There’s plenty of egregious Department of Agriculture (USDA) programs that Congress needs to address. In addition to repealing programs, Congress can use the appropriations process to eliminate or condition funding for programs; the appropriations process can also be used to make important policy changes.
Here are just three USDA programs that Congress should address through appropriations.
1. Food Stamps: Heat and Eat
This loophole in the food stamp program allows states to artificially boost the amount of food stamp benefits a household receives by mailing out token checks, for amounts as small as $1, from the Low-Income Home Energy Assistance Program.
Congress attempted to close this loophole in the farm bill, but failed to do so. In 2012, the Congressional Budget Office estimated that getting rid of Heat and Eat would save an estimated $14.3 billion over 10 years. The savings may be smaller because of potential savings achieved by the farm bill.
Congress should close the loophole or at a minimum stop providing funding to states that are using the loophole.
2. Dietary Guidelines: Environmental Extremism
Every five years, the USDA and the Department of Health and Human Services issue dietary guidelines to inform the public about healthy eating.
The Dietary Guidelines Advisory Committee (DGAC) is at work now preparing recommendations that will inform the 2015 guidelines. In addition to focusing on human health alone, the DGAC is also concerned with the health of the planet. Dr. Barbara Millen, chair of the DGAC, explained at the DGAC’s first meeting, “Overall, we want to be certain to make recommendations for a healthy, ecologically responsible diet.”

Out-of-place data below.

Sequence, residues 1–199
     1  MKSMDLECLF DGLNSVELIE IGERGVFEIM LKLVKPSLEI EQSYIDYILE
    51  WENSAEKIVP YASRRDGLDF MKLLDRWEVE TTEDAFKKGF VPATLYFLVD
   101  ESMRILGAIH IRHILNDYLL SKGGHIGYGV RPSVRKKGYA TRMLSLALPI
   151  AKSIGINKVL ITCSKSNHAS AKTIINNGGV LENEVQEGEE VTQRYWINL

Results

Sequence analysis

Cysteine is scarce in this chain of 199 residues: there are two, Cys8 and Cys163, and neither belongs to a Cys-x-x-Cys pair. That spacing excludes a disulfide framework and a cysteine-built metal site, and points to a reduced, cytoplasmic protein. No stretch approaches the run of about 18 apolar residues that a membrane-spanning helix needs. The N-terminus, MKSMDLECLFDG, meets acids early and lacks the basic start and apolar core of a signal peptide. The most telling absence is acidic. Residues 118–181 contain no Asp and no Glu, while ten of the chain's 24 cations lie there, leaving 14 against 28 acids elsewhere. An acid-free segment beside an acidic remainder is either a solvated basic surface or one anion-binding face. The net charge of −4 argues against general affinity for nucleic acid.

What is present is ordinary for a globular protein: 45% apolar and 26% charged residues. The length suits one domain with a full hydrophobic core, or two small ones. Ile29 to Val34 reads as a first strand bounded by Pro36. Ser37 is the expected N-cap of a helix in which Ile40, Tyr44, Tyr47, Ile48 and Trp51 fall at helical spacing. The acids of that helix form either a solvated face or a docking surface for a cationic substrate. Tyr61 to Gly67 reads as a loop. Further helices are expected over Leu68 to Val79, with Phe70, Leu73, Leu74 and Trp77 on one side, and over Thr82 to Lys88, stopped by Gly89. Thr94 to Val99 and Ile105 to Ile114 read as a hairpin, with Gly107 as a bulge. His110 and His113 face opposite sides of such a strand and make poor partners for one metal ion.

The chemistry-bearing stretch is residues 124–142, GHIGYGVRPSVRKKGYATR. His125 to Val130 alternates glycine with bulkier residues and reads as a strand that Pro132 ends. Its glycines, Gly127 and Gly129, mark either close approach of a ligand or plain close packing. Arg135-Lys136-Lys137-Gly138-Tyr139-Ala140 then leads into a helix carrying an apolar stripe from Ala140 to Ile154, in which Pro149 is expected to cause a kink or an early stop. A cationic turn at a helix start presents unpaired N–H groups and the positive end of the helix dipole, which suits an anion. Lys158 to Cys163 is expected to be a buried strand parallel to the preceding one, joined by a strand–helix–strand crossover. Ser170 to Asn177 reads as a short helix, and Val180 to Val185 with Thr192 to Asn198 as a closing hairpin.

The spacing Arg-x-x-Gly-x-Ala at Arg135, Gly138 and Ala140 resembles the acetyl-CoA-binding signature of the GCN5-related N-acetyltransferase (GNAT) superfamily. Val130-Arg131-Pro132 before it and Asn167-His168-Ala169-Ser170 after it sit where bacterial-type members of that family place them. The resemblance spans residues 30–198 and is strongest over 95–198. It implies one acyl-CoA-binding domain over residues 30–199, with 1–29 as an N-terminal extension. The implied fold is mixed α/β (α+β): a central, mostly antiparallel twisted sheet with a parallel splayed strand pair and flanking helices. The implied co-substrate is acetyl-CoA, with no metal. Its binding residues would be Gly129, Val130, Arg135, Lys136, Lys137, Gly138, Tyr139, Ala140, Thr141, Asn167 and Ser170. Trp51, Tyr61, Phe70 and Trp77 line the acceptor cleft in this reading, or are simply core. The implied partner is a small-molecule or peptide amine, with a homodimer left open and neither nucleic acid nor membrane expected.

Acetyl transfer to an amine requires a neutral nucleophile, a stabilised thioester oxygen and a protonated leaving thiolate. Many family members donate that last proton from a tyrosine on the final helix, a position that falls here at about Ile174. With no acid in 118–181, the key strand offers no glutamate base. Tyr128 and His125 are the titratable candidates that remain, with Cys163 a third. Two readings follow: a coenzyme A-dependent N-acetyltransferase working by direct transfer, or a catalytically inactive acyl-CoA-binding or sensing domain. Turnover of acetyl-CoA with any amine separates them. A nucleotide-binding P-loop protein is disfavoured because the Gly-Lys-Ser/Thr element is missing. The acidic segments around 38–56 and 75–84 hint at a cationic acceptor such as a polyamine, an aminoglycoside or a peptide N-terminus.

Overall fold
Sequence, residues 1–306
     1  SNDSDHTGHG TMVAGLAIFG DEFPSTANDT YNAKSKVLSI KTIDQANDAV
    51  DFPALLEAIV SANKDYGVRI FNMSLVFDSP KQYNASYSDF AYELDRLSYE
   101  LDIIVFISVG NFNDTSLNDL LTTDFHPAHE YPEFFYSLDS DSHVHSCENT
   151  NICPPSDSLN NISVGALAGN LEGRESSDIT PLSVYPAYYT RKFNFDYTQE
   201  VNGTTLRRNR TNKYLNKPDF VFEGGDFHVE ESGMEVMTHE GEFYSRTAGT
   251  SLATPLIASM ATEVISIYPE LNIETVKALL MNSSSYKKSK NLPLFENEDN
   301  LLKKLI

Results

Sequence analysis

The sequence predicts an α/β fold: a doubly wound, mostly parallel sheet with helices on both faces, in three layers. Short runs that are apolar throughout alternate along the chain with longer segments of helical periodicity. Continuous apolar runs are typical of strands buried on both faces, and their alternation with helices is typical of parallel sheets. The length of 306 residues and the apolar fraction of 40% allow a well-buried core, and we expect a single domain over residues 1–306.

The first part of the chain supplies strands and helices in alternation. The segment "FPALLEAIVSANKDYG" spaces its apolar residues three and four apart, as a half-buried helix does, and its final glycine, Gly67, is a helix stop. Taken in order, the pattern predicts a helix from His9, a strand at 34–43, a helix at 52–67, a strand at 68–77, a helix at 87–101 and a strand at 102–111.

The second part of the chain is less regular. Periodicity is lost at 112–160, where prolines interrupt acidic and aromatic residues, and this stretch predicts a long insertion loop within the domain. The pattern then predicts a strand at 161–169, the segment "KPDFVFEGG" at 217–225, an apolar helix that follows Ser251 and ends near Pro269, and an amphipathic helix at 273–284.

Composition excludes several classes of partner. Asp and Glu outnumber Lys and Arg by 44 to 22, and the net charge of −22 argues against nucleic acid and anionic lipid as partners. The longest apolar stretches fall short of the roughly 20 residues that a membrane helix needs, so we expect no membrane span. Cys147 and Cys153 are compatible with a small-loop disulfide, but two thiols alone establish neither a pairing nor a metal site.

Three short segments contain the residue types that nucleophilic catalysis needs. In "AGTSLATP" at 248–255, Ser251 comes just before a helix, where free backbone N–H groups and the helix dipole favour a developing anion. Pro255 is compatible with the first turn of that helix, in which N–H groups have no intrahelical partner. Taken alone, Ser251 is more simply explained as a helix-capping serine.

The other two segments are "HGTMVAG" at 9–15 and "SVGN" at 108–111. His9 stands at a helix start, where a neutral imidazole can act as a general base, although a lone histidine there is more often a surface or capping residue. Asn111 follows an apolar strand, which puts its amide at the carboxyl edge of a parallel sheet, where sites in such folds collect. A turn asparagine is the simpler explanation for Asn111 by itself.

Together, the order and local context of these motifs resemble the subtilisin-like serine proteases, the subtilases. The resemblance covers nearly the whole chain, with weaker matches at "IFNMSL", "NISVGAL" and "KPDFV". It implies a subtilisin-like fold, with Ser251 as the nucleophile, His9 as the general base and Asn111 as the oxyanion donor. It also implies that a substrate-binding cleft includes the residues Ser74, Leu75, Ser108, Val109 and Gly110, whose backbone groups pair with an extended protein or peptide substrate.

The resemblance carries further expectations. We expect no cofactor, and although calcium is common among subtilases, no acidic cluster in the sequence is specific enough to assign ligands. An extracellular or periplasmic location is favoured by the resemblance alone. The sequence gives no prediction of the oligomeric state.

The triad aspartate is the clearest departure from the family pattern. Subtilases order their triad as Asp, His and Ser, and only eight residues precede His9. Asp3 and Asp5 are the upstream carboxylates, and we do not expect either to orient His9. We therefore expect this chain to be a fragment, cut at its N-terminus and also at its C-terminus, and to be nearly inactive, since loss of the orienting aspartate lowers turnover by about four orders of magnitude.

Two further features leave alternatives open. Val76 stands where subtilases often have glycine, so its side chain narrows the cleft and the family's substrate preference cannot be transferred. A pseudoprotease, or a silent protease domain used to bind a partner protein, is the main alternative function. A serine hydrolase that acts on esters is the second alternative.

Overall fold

This environmental focus is dangerous. The guidelines are supposed to reflect the best advice on nutritional policy for humans, not advice that is being weighed (in any manner) against the interests of the environment.
There should be no funds provided to implement the dietary guidelines unless human health is the one and only consideration.
The Food and Drug Administration (FDA) inspects all seafood, but an exception was created in the 2008 farm bill that would require the USDA to inspect catfish. This requirement hasn’t been implemented yet, but it will require many seafood processors to comply with both FDA and USDA regulations.
The USDA has estimated that the cost for government and business would be $14 million annually (98 percent of this cost borne by the federal government).
The Government Accountability Office (GAO) hasn’t been subtle about its views on the program, publishing a 2012 report entitled “Responsibility for Inspecting Catfish Should Not Be Assigned to USDA.”
There’s no reason for special treatment for catfish. Claims that the program is needed for health reasons are unsubstantiated. GAO has explained that the program “would result in duplication of federal programs and cost taxpayers millions of dollars annually without enhancing the safety of catfish intended for human consumption.” The program also creates trade barriers for foreign exporters that would limit domestic competition and likely invite retaliation from foreign countries against other agriculture industries.
The program should be repealed. At a minimum, Congress should provide no funding for its implementation.